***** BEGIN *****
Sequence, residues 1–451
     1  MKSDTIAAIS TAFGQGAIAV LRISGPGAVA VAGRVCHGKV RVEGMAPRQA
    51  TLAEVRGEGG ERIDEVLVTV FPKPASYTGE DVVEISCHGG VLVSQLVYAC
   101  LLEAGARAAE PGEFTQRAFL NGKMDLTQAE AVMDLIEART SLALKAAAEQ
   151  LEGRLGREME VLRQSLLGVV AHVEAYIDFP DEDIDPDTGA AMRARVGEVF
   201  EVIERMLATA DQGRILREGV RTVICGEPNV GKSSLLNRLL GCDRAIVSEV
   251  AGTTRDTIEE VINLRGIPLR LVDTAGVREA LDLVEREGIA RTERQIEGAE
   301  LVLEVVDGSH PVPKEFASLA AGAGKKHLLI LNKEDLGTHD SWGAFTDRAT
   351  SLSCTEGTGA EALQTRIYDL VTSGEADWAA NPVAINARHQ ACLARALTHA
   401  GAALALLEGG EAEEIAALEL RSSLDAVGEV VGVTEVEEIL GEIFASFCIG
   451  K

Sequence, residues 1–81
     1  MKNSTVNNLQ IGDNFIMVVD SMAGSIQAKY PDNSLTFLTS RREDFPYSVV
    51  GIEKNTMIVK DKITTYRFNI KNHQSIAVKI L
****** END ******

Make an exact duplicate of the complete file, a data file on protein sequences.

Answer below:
Sequence, residues 1–451
     1  MKSDTIAAIS TAFGQGAIAV LRISGPGAVA VAGRVCHGKV RVEGMAPRQA
    51  TLAEVRGEGG ERIDEVLVTV FPKPASYTGE DVVEISCHGG VLVSQLVYAC
   101  LLEAGARAAE PGEFTQRAFL NGKMDLTQAE AVMDLIEART SLALKAAAEQ
   151  LEGRLGREME VLRQSLLGVV AHVEAYIDFP DEDIDPDTGA AMRARVGEVF
   201  EVIERMLATA DQGRILREGV RTVICGEPNV GKSSLLNRLL GCDRAIVSEV
   251  AGTTRDTIEE VINLRGIPLR LVDTAGVREA LDLVEREGIA RTERQIEGAE
   301  LVLEVVDGSH PVPKEFASLA AGAGKKHLLI LNKEDLGTHD SWGAFTDRAT
   351  SLSCTEGTGA EALQTRIYDL VTSGEADWAA NPVAINARHQ ACLARALTHA
   401  GAALALLEGG EAEEIAALEL RSSLDAVGEV VGVTEVEEIL GEIFASFCIG
   451  K

Sequence, residues 1–81
     1  MKNSTVNNLQ IGDNFIMVVD SMAGSIQAKY PDNSLTFLTS RREDFPYSVV
    51  GIEKNTMIVK DKITTYRFNI KNHQSIAVKI L